Weather in Minnesota this summer has been very unpredictable. Between the very loooong winter and ill-timed rain showers, we’ve lost a number of weekend days to work on the pond. I’m very hopeful though that the upper pond is on the home stretch.
We have a few tasks left before the large koi can return:
- add a little more to the concrete skirt on the left
- wrestle the pond liner in
- cut out the bottom drains and TPRs
- seam the side corners nicely
- affix the pond liner edge to a piece of Trex that will border the pond
- take delivery of Trex this week and install a boardwalk
- reconnect the pipes in the equipment house
- cycle the pond
- fix the landscaping
As I write the list it does sound like a lot but my pond builder doesn’t seem to mind working until 9:30 pm… Here’s what he’s managed to do in the last few days:
Getting the pond liner into the pond spot is difficult since we don’t have a lot of maneuver room. We believe that having a few guys unroll and place the liner in the general spot will be sufficient. Then the pond builder will start by cutting the bottom drains into the liner, smoothing it out, then the TPRs, smoothing it out some more – and actually filling it to help the liner settle into the right place.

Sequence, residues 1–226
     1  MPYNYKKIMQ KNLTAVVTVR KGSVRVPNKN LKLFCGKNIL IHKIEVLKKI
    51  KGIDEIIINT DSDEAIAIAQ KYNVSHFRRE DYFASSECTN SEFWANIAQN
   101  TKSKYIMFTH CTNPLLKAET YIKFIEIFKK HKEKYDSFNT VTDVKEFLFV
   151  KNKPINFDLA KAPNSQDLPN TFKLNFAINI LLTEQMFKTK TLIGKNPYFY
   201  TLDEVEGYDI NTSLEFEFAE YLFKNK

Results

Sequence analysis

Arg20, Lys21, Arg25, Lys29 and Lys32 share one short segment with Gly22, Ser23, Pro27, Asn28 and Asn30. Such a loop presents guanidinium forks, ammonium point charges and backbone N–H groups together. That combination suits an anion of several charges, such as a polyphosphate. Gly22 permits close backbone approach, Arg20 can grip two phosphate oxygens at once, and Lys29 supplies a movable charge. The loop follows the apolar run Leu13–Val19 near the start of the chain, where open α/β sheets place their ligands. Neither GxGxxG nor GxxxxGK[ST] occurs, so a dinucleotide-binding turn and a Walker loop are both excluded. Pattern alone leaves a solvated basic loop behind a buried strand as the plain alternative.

It’s really late spring for the Minnesota plants and I’m enjoying the zinnias that I grew from seed earlier this year. The little open florets look like stars. Zinnias are supposedly great cutting flowers but I like the color in the yard.
The koi are hungry as usual. My new feeder timer came in and I am planning to set it up when the weather clears. This timer allows you to program 24 feeding times. Much better for the koi to eat numerous small meals than a few large meals (kind of like people). I’m going to start with 12 small meals on the hour from 8:00 am to 8:00 pm.
Minor koi health problem…It’s so important to spend a little time each day looking at the koi. I think it’s the fastest way to catch any health problems a koi may have. Plus it’s so interesting to watch the koi.
Bad weather is a good time to read about koi and koi development. These two Kokugyo books are very informative about koi varieties , what to look for, what might be interpreted as the standard of beauty, comparisons of koi, etc. Gaining knowledge is good and sometimes discouraging too. After you read about something, you’ll go out and check your koi and think “oh there’s a fault….” I’m going to hold on to the advice that even not so good looking young koi may improve over time with good koi keeping skills. No one is an expert when they start this hobby.
Koi keeping is a fun hobby – not sure what the pond builder and I would be doing if he hadn’t suggested a water feature for our garden seven years ago.